Although authentication factors are related to assurance, RAF itself does not impose requirements on the authentication; instead two different authentication profiles were defined: Multi-factor Authentication Profile (MFA) and Single Factor Authentication Profile (SFA). These profiles define the requirements that an authentication event must meet in order to communicate the usage of a specific profile. While a user’s RAF attribute value can be static and seldom changes, the authentication can change in any authenticated session and the relying service can request the IdP to use a particular authentication profile. In short:
- RAF defines requirements for identifiers, identity proofing and attribute assurance.
- SFA defines the requirements for single-factor authentication, such as passwords or soft certificates.
- MFA defines the method for communicating multi-factor authentication as a SAML authentication context.
What do the AARC Assurance Guidelines Add?
The AARC Blueprint Architecture (BPA), with the aim to offloads tasks from the Service Providers, adds additional components such as a proxy, attribute authorities operated by or on behalf of Research and e-Infrastructures and token translation services. The ‘proxies’ in the AARC Blueprint Architecture are often able to augment assurance from various data sources, and account linking can both change and strengthen the assurance posture.
AARC has developed additional guidance to facilitate the exchange of assurance information across infrastructures (or between SP-IdP-Proxy components of infrastructures).
Supplementary AARC and IGTF assurance profiles targeting the specific research and infrastructures’ needs in terms of risk profiles help out: shared assurance profiles inspired by the Service Provider and infrastructure requirements can be exchanged directly and help evaluate identity assurance information for the attributes and authenticator presented both by the user’s home organisations via the R&E federations and from supplementary sources when enabling federated access to access services. The profiles are:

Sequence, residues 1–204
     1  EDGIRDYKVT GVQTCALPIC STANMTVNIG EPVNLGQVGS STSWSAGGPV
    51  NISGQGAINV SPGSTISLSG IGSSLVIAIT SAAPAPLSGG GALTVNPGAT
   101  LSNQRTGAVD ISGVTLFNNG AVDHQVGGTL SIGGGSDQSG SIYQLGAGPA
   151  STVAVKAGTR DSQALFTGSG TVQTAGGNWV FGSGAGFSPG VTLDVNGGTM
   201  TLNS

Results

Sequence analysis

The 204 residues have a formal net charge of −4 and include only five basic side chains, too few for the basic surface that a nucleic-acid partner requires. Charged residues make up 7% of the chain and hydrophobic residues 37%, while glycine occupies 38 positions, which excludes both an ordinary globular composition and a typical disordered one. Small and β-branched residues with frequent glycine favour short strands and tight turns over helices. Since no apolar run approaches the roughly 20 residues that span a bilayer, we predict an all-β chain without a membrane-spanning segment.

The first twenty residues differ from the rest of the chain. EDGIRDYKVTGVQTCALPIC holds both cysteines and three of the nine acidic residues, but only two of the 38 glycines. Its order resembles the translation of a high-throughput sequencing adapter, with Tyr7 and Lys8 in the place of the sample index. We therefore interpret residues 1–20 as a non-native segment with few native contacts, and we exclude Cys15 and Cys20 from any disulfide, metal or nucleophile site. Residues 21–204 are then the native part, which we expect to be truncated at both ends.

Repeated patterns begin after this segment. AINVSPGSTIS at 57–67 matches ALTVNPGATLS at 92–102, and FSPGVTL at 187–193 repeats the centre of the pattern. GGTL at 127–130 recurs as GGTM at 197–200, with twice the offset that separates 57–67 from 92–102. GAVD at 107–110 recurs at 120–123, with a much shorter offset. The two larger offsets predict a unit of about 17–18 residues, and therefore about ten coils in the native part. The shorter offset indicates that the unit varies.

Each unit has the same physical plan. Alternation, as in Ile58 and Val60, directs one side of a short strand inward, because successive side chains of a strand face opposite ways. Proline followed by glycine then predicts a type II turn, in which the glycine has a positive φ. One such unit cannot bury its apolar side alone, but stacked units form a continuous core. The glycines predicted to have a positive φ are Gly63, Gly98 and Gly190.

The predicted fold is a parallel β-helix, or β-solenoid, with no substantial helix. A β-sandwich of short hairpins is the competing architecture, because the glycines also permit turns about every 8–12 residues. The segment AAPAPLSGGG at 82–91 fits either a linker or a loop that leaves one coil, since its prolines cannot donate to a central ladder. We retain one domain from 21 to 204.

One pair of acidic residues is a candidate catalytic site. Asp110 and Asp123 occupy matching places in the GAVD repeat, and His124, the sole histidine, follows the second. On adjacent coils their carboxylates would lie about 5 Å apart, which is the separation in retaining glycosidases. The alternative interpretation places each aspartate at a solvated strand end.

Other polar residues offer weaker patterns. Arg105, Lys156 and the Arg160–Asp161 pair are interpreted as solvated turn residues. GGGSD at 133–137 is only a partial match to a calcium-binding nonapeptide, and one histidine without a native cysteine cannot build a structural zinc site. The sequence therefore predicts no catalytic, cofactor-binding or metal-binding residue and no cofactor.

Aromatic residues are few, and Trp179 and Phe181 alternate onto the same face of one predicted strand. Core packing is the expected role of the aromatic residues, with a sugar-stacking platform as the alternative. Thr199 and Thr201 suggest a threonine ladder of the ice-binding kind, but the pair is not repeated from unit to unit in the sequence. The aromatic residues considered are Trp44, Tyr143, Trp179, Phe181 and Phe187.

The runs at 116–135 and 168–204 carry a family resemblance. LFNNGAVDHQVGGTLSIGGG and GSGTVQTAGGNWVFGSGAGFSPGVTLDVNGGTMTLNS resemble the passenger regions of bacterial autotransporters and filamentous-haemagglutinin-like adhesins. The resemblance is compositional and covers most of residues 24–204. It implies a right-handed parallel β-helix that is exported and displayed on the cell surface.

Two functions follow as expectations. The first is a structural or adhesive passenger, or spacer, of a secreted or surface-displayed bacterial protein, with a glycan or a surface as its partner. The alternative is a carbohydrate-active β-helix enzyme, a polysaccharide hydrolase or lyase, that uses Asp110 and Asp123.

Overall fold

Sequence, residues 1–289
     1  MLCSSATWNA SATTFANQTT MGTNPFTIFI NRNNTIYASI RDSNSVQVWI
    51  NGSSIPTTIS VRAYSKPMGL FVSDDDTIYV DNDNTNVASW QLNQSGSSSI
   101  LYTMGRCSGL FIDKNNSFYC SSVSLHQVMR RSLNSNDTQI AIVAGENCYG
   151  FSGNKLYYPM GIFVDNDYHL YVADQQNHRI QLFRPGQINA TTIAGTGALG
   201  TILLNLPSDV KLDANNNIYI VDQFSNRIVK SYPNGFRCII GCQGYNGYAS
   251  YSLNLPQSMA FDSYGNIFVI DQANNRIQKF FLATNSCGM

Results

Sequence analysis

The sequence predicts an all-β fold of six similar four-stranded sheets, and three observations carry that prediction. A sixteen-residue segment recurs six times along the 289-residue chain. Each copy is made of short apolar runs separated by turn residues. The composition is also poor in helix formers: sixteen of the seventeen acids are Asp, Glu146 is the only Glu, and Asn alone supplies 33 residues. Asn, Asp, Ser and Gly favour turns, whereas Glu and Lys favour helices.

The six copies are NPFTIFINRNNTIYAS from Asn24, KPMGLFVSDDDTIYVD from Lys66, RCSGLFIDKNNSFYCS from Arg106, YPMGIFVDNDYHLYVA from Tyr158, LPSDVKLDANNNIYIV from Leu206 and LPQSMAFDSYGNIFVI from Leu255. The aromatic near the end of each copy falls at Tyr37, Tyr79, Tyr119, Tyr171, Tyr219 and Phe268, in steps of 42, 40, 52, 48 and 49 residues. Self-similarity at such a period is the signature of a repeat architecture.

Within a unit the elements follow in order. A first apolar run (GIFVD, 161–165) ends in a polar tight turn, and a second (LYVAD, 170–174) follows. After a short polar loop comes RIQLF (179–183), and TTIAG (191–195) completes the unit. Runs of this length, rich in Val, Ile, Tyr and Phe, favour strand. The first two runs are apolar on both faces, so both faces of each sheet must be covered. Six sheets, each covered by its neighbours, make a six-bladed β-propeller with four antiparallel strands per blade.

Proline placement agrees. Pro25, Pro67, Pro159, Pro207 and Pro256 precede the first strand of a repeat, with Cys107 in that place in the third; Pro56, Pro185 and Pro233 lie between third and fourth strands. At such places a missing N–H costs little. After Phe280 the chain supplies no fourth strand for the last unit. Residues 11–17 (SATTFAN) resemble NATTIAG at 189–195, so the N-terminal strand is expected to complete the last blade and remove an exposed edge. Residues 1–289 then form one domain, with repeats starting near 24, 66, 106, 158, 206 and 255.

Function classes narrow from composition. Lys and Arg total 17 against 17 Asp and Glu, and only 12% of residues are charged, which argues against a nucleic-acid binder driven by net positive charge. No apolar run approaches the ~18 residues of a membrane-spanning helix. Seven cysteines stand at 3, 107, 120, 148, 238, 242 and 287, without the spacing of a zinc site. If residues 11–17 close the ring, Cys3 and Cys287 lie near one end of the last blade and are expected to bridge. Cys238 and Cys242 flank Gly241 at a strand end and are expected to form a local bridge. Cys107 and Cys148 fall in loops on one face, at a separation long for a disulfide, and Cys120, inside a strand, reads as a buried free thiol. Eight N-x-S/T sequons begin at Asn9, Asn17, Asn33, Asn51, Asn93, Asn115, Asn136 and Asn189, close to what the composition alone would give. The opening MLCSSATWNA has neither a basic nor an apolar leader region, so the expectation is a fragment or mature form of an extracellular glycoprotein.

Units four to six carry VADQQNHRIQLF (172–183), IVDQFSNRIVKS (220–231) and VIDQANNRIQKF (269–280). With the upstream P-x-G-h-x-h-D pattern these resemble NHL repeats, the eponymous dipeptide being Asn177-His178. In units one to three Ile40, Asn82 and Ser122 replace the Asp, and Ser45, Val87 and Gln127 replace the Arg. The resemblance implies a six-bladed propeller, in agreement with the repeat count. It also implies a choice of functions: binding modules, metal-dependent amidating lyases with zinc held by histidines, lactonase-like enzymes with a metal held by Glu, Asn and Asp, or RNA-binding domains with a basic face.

- Guideline on the exchange of specific assurance information (G021,endorsed by different research and generic e-Infrastructures in AEGIS) which defines RAF-based profiles equivalent to IGTF-BIRCH and IGTF-DOGWOOD, and introduces AARC-Assam, a new specific profile addressing assurance partially derived from social-identity sources.
- Guideline on stepping up the authentication component in AAIs implementing the AARC BPA (G029), which support use-cases that require a stronger authentication mechanism when accessing sensitive resources in BPA compliant environments.
- Guideline for evaluating the combined assurance of linked identities (G031), which describes how to evaluate the combined assurance when linking different identities and defines compensatory controls that allow BPA Proxies to obtain assurance information even when the IdP of the Home Organisation is lacking support for RAF.
- Guideline Expression of REFEDS RAF assurance components for identities derived from social media accounts, (GO41) which describes how REFEDS RAF assurance components should be expressed by the BPA Proxies and how these may be combined on ‘outbound’ assertions, if the exchange involves authentications with credentials based on social media accounts (like Google, LinkedIn, Facebook, etc).